A West Virginia board report says state pharmacies dispensed 31 million fewer controlled substances last year, a trend the board’s acting chief says is due to heightened awareness about prescription medication overdose deaths.
The Charleston Gazette-Mail reports the decline was the sharpest in a single year since the state started tracking powerful medications.
According to the state Board of Pharmacy’s annual report, the number of prescribed controlled substances declined from 267.2 million to 235.9 million doses, an 11.7 percent drop from 2016 to 2017. That includes prescription painkillers, anti-anxiety medication and amphetamines.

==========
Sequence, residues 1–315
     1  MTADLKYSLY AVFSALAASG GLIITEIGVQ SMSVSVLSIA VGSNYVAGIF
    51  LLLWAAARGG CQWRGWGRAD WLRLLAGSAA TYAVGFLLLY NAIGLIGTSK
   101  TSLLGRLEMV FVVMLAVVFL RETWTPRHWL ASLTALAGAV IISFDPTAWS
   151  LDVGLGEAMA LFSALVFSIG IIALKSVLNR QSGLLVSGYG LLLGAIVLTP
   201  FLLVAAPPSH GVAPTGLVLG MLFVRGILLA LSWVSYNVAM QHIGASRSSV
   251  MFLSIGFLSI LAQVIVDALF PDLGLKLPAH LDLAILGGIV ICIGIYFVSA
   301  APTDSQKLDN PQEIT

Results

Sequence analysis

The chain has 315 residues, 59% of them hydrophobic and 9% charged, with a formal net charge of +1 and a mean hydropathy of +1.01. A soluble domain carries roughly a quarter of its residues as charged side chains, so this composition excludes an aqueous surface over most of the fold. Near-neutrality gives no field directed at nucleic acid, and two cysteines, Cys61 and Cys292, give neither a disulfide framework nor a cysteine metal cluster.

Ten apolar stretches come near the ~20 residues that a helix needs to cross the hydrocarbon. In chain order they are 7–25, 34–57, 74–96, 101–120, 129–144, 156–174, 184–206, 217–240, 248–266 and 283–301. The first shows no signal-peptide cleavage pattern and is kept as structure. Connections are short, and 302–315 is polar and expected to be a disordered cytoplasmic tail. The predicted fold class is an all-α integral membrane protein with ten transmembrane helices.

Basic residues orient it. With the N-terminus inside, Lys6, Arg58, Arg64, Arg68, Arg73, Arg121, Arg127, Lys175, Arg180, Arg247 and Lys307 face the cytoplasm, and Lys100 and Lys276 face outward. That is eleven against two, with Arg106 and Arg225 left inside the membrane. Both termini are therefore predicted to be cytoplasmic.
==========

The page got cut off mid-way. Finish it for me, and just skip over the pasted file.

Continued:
West Virginia has the highest overdose death rate in the nation.
Pharmacy board acting executive director Mike Goff says “there’s been more scrutiny by everyone” over controlled substances in the state.